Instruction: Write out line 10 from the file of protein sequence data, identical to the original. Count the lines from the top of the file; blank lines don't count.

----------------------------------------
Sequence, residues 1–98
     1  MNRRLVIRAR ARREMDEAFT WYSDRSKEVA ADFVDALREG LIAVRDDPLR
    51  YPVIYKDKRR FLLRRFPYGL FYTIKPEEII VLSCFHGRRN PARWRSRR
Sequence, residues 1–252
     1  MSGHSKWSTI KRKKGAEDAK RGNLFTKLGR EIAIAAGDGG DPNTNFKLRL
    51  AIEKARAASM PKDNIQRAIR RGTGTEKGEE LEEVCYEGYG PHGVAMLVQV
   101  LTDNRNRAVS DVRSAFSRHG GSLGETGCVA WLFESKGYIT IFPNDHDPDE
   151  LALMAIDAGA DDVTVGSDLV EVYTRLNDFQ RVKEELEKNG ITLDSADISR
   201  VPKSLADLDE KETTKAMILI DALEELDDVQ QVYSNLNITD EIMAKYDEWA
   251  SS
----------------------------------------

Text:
   251  SS